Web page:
Pachinko by Min Jin Lee
My rating: 3 of 5 stars
Enter this sweeping multi-generational saga. For the first half of the book, I really did feel swept off my feet. For the second half however, I felt like the pacing was a little bit off. Whenever I thought of this book, I pictured a quilt, because of the way the author was able to do this with her writing style.
This story follows a Korean family who immigrate to Japan, and start out living in poverty. There are traditional arranged marriages, shameful pregnancy, and stories of forbidden and lost love embedded in this tale. We start this story out with Hoonie, an old child who was born with deformities. His parents being thankful that any marriage offer would come to them, so they accept. All during this time in 1910 Japan annexes itself from Korea, so times get even more financially tough.'
After having three newborn's that died, Hoonie becomes the proud father of our main character, Sunja. She is adored and praised on by her father, unusual in this specific culture. When she reaches the age of ten, her father suddenly and she is left to help around the inn with her single mother. When she's still under the age of eighteen, a foreign man notices her in the food market. From there she has a forbidden love affair that ends up in an unwanted pregnancy. And for reasons that are spoilery, she obviously can't be with the father. Isak Baek, a sickly minister that has been living in their inn offers to marry Sunja. Her mother must let her daughter go to Japan, knowing that this is the best thing for her reputation.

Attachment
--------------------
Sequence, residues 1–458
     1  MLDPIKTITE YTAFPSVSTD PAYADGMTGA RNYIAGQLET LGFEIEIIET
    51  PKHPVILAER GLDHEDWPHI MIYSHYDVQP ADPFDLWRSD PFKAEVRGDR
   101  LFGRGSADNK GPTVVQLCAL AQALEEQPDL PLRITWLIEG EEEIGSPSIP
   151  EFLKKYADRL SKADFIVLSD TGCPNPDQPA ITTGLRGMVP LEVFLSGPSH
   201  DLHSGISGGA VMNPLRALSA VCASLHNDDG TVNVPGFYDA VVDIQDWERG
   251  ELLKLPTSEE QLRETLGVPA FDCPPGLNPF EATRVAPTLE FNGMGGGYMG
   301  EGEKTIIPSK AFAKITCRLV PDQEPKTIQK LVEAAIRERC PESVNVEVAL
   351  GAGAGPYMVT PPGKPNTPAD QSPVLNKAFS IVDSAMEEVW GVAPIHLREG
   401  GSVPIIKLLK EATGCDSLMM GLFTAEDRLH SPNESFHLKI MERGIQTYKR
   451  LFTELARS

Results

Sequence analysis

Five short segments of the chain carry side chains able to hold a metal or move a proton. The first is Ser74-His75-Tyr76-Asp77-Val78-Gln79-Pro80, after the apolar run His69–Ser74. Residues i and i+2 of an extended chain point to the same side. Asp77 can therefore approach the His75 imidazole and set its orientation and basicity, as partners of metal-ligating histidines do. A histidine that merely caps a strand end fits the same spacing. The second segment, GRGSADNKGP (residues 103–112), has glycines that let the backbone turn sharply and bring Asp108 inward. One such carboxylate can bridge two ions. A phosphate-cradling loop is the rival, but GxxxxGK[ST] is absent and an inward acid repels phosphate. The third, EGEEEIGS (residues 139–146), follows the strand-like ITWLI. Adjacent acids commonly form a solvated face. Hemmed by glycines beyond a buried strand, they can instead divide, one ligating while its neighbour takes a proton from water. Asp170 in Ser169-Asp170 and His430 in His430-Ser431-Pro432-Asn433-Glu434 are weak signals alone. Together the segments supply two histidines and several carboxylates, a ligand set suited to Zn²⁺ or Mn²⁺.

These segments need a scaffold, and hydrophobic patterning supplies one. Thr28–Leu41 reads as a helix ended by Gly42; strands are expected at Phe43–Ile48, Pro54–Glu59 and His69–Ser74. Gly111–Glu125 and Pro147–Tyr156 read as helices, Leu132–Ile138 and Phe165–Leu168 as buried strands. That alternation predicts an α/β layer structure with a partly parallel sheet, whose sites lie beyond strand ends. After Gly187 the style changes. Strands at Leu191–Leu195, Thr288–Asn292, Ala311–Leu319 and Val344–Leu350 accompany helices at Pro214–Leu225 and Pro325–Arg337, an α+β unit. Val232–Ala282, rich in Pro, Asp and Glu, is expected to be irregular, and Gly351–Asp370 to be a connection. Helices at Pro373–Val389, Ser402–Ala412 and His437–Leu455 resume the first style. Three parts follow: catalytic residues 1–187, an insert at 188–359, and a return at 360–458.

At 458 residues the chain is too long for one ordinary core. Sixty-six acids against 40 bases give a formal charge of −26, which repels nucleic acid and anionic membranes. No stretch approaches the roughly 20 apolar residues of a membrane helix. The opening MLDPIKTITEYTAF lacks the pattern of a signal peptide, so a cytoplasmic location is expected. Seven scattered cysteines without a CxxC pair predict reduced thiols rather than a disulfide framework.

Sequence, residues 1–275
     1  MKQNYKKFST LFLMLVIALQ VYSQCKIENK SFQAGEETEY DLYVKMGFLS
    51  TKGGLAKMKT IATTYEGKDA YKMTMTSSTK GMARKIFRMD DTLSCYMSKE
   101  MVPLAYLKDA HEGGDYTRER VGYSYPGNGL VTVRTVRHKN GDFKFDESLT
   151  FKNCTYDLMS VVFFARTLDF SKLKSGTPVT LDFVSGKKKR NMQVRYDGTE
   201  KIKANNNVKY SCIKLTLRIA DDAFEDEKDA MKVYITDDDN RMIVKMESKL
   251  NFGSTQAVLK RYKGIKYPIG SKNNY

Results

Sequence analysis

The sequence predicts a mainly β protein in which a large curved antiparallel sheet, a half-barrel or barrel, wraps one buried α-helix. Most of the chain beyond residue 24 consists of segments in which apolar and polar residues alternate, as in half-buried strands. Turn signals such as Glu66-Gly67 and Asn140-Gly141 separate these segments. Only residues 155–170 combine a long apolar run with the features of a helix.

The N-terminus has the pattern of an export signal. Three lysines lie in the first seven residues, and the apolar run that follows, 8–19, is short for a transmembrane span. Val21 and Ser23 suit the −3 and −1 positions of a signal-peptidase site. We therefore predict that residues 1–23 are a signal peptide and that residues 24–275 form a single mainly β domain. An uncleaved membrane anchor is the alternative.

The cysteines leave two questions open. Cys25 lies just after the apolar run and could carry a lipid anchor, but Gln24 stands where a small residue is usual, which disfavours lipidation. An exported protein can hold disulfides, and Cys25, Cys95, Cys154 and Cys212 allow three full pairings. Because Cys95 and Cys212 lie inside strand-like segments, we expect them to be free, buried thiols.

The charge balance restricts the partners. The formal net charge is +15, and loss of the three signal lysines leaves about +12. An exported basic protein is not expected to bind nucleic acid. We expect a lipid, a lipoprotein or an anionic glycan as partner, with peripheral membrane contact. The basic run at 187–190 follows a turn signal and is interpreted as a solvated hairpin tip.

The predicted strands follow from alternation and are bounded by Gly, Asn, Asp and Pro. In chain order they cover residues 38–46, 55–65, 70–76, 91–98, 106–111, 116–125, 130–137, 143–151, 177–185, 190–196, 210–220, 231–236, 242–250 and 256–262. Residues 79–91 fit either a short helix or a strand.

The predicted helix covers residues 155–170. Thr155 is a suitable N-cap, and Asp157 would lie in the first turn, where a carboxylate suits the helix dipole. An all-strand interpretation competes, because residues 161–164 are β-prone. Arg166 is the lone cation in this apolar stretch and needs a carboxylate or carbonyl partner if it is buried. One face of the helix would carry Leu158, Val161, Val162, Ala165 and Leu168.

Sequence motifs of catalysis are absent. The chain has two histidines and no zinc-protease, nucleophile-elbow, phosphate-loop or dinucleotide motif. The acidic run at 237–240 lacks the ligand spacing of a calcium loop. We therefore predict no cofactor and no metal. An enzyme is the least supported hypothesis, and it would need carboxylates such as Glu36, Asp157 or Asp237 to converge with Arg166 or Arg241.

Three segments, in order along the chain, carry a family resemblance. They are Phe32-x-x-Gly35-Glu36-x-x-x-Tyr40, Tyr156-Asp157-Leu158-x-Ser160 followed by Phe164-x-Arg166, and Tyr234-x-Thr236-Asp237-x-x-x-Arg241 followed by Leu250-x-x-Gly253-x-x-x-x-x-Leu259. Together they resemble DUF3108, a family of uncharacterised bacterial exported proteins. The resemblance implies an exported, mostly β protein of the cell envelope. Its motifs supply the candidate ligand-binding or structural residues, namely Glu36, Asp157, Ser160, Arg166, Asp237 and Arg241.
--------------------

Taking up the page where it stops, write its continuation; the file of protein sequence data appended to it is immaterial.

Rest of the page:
Filled with tragic dissolvement of family, motherly love and sacrifice, where education can get you. This story is told through the historical period of the discrimination, annexation from Japan, and the Great Depression that was going on worldwide through the lens of this family's story.
The first half kept me engaged and interested, but I felt like something was off about the pacing in the second half. Future generations are rushed and they story isn't given the full consideration that I feel like the author focused on in the first half. I would have liked for this book to dive into a little bit of the modern members of the families lives, as I feel that I could relate to that the most within the time period.
Also, my mistake in the timing that I personally read this book was that I started it on a readathon. Which was obviously the wrong choice, since this book is around 500 pages, a real doorstopper. So I found myself skimming, speed-reading, and not really soaking in the content the way that I wanted to because of my hastiness. That's why I feel like couldn't enjoy the reading experience to the fullest.
One word that I could use to describe this book would probably be eye-opening. I wasn't aware of the history that was going on in this time period in that part of the world, and I was definitely glad that I got to experience this insightful story.
**Thanks to NetGalley and the publisher for providing me a book in exchange for my honest review.**
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